14. The Escape
He had dropped the telephone receiver without waiting to replace it on the hook
and was now dashing madly out of the empty apartment and down the street.
The hall-boy at Warrington's had done exactly as I had ordered him. There was
the elevator waiting as Garrick gave the five short rings at the nightbell and the
outside door was unlocked. No one had yet discovered the fire which we knew
was now raging on the top floor of the apartment.
We were whirled up there swiftly, just as we heard echoing through the hall and
the elevator shaft from someone who had an apartment on the same floor the
shrill cry of, "Fire, fire!"
Tenants all the way up were now beginning to throw open their doors and run
breathlessly about in various states of undress. The elevator bell was jangling
In the face of the crisis the elevator boy looked at Garrick appealingly.
"Run your car up and down until all are out who want to go," ordered Garrick.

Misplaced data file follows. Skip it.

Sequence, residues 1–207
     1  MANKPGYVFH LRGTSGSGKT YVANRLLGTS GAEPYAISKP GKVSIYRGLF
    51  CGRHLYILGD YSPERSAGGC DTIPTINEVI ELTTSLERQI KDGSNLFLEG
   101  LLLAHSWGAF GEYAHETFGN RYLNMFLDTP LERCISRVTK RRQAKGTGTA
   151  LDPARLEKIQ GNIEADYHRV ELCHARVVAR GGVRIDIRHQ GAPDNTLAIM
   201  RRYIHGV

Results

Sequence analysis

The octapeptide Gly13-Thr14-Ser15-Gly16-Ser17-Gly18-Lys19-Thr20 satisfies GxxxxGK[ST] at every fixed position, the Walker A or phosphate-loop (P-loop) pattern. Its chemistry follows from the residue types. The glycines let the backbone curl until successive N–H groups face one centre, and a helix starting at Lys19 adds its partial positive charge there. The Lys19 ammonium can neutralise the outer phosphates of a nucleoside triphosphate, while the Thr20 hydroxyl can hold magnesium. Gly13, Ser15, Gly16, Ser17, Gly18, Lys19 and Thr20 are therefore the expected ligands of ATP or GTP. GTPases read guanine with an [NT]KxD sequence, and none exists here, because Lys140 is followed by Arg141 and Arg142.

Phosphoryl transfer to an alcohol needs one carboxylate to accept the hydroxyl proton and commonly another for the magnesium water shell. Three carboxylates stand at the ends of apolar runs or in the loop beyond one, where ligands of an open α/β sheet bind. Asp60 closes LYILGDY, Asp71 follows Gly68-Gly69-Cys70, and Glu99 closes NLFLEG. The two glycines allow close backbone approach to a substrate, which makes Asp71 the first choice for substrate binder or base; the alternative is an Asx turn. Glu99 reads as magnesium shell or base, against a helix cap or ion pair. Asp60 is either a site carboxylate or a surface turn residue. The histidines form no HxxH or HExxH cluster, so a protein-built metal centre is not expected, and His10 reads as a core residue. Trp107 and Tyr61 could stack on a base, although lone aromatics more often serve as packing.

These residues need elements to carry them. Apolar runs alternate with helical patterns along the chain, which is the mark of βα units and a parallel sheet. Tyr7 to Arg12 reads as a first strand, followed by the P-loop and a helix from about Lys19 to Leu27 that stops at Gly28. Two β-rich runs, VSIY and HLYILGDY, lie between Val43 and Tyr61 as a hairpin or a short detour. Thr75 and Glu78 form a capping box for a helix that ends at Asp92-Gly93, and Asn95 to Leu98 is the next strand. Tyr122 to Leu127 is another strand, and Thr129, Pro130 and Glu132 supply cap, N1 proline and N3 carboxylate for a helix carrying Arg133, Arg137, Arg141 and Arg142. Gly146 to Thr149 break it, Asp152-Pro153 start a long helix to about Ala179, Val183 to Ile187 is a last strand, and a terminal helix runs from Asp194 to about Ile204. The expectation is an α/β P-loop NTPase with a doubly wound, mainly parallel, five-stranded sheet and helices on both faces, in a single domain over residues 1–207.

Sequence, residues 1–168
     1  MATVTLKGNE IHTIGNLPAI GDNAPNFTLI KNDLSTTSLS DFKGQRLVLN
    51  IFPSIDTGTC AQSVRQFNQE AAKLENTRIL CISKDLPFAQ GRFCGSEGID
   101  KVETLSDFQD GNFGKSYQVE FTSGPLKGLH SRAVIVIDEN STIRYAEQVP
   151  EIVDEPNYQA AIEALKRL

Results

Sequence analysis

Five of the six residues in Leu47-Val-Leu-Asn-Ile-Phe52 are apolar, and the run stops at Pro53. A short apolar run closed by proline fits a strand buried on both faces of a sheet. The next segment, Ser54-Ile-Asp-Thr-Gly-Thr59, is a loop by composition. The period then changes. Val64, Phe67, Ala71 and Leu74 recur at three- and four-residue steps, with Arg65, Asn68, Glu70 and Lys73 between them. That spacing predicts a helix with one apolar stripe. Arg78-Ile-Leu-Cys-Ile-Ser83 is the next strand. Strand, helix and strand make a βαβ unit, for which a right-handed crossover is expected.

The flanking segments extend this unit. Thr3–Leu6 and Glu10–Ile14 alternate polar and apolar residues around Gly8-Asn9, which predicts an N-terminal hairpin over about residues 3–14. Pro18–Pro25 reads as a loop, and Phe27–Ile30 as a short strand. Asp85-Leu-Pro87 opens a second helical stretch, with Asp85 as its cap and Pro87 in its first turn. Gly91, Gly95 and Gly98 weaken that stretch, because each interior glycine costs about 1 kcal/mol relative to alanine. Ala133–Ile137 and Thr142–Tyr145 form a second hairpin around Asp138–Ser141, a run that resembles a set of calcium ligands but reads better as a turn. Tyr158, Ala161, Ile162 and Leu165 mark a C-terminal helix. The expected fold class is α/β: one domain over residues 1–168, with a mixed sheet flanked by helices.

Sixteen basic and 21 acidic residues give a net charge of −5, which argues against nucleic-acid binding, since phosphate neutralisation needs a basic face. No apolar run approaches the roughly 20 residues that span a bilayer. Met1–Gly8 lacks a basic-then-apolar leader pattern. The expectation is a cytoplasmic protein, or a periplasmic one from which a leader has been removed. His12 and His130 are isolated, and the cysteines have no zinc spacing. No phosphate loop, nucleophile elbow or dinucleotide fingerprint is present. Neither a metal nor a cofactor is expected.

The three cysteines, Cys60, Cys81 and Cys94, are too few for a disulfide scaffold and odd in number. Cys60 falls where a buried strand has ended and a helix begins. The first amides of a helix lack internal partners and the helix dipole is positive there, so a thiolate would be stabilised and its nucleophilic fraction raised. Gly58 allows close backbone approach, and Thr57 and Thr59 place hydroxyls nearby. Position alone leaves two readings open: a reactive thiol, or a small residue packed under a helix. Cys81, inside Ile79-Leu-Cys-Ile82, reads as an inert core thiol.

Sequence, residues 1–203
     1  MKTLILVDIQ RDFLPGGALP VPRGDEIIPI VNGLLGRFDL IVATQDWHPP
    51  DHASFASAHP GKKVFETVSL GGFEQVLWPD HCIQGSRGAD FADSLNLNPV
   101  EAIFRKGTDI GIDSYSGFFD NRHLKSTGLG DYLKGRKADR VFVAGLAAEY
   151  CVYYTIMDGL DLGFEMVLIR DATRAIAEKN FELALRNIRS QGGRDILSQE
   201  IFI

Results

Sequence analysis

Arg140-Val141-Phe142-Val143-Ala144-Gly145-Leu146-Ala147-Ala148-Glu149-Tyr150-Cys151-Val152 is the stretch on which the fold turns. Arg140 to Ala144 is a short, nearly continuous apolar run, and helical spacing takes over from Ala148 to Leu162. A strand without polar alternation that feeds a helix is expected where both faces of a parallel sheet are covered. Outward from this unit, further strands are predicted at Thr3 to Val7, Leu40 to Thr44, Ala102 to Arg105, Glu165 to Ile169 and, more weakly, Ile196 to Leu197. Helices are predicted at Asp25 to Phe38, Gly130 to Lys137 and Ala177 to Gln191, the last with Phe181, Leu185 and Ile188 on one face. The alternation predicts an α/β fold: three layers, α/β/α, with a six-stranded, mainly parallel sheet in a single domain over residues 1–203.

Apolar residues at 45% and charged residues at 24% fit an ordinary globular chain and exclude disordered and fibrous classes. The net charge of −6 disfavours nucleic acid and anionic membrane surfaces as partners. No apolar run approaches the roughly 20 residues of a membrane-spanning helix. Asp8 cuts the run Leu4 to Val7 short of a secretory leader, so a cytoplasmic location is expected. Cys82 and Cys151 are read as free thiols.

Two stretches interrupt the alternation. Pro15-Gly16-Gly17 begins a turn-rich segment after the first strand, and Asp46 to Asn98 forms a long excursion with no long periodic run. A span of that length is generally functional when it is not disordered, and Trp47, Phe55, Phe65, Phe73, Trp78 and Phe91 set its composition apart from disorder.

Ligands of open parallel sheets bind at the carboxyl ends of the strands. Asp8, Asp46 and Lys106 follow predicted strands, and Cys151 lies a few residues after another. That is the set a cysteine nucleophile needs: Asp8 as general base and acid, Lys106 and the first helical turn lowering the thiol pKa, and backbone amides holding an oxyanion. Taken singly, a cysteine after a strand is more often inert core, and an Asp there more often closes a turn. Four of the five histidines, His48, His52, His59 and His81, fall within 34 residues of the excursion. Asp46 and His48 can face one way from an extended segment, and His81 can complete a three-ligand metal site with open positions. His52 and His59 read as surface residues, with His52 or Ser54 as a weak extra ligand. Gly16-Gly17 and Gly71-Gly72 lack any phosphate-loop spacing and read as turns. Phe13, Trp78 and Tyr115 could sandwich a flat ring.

"Only tell them all that an alarm has already been turned in and that there is no
danger except to the suite that is on fire. You may leave us here."
We had reached the top floor and stepped out. I realised fully now what had
happened. Either the robbers had found out only too quickly that they had been
duped or else they had reasoned that the letter they sought had been hidden in a
place in the apartment for which they had no time to hunt.
It had probably been the latter idea which they had had and, instead of hunting
further, they had taken a quicker and more unscrupulous method than Garrick